In actual fact, focusing at these auctions – surrounded by so many great cars I would love to own, of all different genres – proves typically difficult for me. So, it’s not long before I’m uncharacteristically and somewhat randomly sticking my arm up and bidding on stuff that I’ve had a look over (& its neatly kept history files in the auction office), that I fancy and that’s going too cheap to not have a go at under the hammer. But, with a strict top budget in mind for each car I was interested in (factoring in the 5% buyer’s fee of course, road tax, insurance and maybe even a new MOT and fix-it fund of course) and each one just going over or I lost my nerve on (you have to trust your gut at auction), I narrowly avoid picking up:
- A track slag of a 996 Carrera 2 with a manual gearbox & big stoppers/exhaust for £12,000 (surely the next big 911 price riser?)
- A criminally cheap, low mileage 928 S at £7,900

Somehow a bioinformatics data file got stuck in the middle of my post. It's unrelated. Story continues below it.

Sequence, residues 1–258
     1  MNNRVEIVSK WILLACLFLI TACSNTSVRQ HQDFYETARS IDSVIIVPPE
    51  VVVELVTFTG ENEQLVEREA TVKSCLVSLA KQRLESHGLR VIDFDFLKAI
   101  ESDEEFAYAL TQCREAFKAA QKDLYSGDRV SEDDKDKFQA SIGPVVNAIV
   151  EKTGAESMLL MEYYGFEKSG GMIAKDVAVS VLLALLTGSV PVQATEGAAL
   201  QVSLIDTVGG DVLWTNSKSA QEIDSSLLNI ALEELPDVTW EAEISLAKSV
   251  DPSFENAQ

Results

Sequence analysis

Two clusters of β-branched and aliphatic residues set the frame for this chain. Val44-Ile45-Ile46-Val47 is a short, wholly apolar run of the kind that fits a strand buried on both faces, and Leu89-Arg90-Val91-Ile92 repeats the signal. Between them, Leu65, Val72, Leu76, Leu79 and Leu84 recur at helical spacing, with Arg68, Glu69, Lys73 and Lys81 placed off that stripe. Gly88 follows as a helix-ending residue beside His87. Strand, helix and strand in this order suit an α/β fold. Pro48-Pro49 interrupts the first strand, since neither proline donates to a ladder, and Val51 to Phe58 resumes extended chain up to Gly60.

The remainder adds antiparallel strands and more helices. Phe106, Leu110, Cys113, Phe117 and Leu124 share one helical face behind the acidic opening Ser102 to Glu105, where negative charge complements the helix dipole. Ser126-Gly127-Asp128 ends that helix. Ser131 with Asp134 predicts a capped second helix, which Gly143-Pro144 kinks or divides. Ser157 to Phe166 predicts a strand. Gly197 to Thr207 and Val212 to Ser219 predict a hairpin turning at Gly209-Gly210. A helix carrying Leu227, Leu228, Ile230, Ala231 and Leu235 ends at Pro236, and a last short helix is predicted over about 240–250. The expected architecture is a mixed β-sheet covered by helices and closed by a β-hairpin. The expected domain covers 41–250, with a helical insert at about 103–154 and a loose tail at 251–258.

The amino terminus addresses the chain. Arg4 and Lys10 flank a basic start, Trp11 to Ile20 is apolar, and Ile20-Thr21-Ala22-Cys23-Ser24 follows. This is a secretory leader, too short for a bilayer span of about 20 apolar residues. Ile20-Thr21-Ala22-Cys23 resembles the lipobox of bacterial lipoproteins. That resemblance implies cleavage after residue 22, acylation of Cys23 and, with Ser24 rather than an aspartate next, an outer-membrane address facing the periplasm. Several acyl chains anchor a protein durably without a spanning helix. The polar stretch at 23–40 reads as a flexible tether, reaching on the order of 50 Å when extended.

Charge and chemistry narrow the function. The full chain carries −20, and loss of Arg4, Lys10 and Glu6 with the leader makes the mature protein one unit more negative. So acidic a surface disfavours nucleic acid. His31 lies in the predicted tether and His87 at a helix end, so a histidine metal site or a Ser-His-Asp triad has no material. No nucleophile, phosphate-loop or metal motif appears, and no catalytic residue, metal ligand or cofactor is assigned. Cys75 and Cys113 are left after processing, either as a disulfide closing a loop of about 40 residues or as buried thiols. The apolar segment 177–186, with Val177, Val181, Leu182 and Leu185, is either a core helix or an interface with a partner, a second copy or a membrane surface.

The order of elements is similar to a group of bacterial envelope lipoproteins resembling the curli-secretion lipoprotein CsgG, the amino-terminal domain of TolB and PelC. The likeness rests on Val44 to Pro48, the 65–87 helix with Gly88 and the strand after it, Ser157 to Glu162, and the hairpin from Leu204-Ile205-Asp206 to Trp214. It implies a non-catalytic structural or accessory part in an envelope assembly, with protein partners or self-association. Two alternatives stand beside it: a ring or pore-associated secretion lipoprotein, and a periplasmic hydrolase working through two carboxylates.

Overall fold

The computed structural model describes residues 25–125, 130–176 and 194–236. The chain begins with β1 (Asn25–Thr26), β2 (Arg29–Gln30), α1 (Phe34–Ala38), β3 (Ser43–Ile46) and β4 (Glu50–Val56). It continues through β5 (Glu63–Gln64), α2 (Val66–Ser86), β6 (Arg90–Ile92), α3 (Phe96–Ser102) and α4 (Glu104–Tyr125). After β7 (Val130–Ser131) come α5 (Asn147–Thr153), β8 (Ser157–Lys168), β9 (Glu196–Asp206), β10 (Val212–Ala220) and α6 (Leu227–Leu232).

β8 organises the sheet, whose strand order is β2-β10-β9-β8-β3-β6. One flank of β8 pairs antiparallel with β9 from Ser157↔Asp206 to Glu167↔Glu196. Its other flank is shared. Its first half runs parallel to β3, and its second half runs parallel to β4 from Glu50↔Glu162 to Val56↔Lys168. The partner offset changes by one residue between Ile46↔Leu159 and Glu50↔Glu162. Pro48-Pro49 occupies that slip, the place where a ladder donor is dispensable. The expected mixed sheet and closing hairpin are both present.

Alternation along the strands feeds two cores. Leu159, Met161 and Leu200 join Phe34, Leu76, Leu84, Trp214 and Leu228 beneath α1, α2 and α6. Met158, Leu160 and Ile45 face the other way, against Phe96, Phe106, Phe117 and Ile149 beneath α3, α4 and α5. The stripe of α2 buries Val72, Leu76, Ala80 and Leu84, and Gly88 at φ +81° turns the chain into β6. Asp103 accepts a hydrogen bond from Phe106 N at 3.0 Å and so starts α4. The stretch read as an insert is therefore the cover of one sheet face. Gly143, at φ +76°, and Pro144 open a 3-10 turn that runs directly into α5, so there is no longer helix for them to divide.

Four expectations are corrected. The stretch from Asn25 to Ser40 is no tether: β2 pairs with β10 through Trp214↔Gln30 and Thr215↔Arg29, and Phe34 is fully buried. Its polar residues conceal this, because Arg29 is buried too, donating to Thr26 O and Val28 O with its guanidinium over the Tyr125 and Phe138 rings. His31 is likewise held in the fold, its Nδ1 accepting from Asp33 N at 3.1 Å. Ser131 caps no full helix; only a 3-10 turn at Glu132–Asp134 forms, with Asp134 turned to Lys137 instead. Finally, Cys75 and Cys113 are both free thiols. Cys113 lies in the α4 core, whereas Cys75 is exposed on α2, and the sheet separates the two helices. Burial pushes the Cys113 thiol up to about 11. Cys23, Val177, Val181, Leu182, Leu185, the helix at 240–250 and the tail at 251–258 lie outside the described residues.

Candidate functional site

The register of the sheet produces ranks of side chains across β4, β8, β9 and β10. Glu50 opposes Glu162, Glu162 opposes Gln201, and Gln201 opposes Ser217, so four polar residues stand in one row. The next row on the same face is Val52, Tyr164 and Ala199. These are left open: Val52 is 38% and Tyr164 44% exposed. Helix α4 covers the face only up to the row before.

- A big and beautiful Bentley Turbo R LWD for just £7,900 (no room in the garage for that!)
- A unique 1978 MGB GT Sebring re-creation for £9,600
- A tidy VW Corrado G60, bid at £4,300
- A rare and clean BMW 840 4.4i C Sport, c£11,000
- A brute of a TVR Cerbera Speed 6 at £14,500
And, after the lot I did eventually end up splashing my cash on (which I promise, I will get to eventually)… I also missed out on bidding on…
- A lovely Land Rover Defender 50th Anniversary Edition
- BMW 635i CSi Motorsport Edition
- 1982 Alfa Romeo Alfasud Sprint Veloce (with two engines)
- 1990 Renault 5 GT Turbo
- 1971 Chevrolet Corvette V8 Stingray
- Super tidy 11,164 recorded miles Mini Cooper
Heck, I even avoid purchasing the two oddest (and certainly not on my brief of family fun appreciating modern classic list!) entries – an AMC-KAT amphibious car with 18bhp Briggs & Stratton mower motor (£2,300) and a Junior Land Rover Series 1 (£4,200)… as the highly contagious auction fever took hold. I must be getting old.